Graffiti referring to 43 students who went missing last September is spray painted on a wall in Mexico City as part of protests about their disappearance. Some journalists say they have struggled to cover the case. (Reuters/Tomas Bravo)
Graffiti referring to 43 students who went missing last September is spray painted on a wall in Mexico City as part of protests about their disappearance. Some journalists say they have struggled to cover the case. (Reuters/Tomas Bravo)

In Mexico, reporters struggle to cover unrest over missing students

Veteran reporter Sergio Ocampo was having a late dinner on September 26 when his editor called about a shooting in the city of Iguala in Guerrero state. Students from the Ayotzinapa teacher training college were apparently among the victims. But when Ocampo, a correspondent for the newspaper La Jornada, called the then-mayor of Iguala, José Luis Abarca, he was told, “Nothing happened.” The mayor added, “They came from Ayotzinapa to do their destruction here,” Ocampo recalled.

So started coverage of a crime that would rock the region, spark protests across Mexico, and capture international attention.

Mexico’s attorney-general’s office alleged that three students and three bystanders were killed, and 43 students were taken away at gunpoint, according to news reports. It alleged the group was shot at by police, who were working for an organized crime group and acting on the orders of the mayor and his wife. In its account of the attack, which the then attorney-general called the “historic truth,” the office claimed the students were killed and their bodies burned. Families and classmates of the victims dismissed this claim in interviews as an attempt to close the case and said they believe the missing students are alive.

The mayor, who in November was arrested along with his wife, has admitted to ordering police to attack the students, but denies being involved in any killings or their disappearance, according to reports.

Media treatment of the story started out subdued, according to six reporters who covered the Ayotzinapa case and were interviewed by CPJ in Chilpancingo, the Guerrero state capital. They said the slow reaction reflects control over the media, press bias against groups protesting against the disappearance, and self-censorship through the widespread use in the region of convenios– agreements between media outlets and governments

Local outrage was fomented, in part, by international and national reports on the students’ disappearance and the discovery of mass graves, the reporters who spoke with CPJ said. “The foreign press took the lead,” said Margena de la O, a reporter with La Jornada Guerrero and Seminario Trinchera. “People with relatives outside the country would get calls saying, ‘What happened with these students?’ ”

They added that the slow reaction in Guerrero, one of the country’s most marginalized states and a hotbed of rebellion and guerrilla movements, also showed stigmas toward Ayotzinapa students and other groups such as teachers’ unions, campesinos (small-scale farmers) and community police.

“Why doesn’t the press pay attention to these topics?” Ocampo asked during an interview interrupted by riot police filing past the café we were in, on their way to remove striking employees from the courthouse. “Because there’s a sort of self-censorship, due to the convenios that the press owners have with those in power.”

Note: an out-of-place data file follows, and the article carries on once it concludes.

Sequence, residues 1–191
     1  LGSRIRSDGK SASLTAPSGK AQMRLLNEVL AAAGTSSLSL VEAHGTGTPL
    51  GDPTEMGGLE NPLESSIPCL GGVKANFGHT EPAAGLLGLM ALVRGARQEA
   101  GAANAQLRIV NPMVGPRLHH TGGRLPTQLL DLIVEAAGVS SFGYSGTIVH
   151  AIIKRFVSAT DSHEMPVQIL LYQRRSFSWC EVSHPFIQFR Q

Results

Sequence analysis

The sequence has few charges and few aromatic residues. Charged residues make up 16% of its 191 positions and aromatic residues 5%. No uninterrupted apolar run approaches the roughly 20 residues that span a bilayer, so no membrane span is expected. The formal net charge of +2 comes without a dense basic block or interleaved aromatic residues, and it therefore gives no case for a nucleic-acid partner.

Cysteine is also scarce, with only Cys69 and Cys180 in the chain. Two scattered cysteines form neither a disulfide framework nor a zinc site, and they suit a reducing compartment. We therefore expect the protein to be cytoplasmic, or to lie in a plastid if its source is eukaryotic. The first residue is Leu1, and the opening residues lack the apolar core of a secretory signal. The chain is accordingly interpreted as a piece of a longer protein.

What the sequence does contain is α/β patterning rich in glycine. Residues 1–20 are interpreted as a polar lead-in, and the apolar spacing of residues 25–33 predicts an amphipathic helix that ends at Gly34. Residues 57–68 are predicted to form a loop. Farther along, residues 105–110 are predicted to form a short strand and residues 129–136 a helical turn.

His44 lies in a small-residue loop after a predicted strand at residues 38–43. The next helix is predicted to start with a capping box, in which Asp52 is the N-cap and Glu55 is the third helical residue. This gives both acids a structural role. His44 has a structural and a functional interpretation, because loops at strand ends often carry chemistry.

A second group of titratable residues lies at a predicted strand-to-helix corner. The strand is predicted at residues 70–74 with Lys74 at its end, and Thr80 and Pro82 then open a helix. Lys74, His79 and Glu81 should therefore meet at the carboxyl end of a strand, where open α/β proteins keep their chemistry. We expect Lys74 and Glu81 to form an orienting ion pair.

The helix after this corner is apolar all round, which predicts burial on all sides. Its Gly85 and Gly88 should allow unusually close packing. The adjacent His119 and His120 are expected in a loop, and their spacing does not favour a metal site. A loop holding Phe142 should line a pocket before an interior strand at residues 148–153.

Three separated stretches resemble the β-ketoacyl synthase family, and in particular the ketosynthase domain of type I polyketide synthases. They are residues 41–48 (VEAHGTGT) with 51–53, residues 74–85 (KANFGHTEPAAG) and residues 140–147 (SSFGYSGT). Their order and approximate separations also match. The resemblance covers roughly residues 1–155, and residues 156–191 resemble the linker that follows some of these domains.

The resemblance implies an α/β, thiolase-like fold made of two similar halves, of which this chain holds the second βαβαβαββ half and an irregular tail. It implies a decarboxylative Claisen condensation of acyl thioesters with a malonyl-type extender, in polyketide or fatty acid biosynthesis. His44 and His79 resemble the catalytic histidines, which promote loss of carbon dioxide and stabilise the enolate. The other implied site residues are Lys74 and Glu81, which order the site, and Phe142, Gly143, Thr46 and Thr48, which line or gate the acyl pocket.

“[Most newspapers] publish the official information: press releases, what functionaries say,” said Zacarías Cervantes, a reporter for the newspaper El Sur who has covered social movements since 1986. When asked why he thinks other media outlets ignore or cover these groups so superficially, Cervantes, who is based in Chilpancingo, told CPJ, “convenios,” along with, “chayo,” (cash) paid to journalists by politicians.

Convenios–agreements between news outlets and politicians or government offices–are often a way to make money for the press. These agreements are almost never acknowledged publicly, but can provide politicians with control over parts of the editorial process and the ability to veto stories, and give news outlets access to government advertising.

There are instances when protesters receive prominent coverage, Cervantes said, adding that this happens when a newspaper has not reached a new convenio with the state government and the owners want to increase the pressure on politicians to sign.

CPJ research shows convenios are common across Latin America, especially in Mexico. In an interview with CPJ, former Guerrero Governor Zeferino Torreblanca confirmed the existence of the arrangements during his 2005-2011 administration. He called the practice “extortion,” on the part of media owners whose publications, he claimed, spoke poorly of politicians not paying them. Their business models, he added, depended on signing convenios even if their reporting was questionable and circulation scant. Interview requests with the Guerrero state government were not returned.

In an interview in March with several press freedom organizations, including CPJ, Guerrero deputy governor David Cienfuegos, who assumed office last October as part of an interim administration after the Iguala incident, said legislation would be introduced to make state government advertising more transparent. Journalists who spoke to CPJ in Guerrero claimed that the state government tended to advertise with media providing positive coverage, while convenios allowed governors to control content and dictate coverage.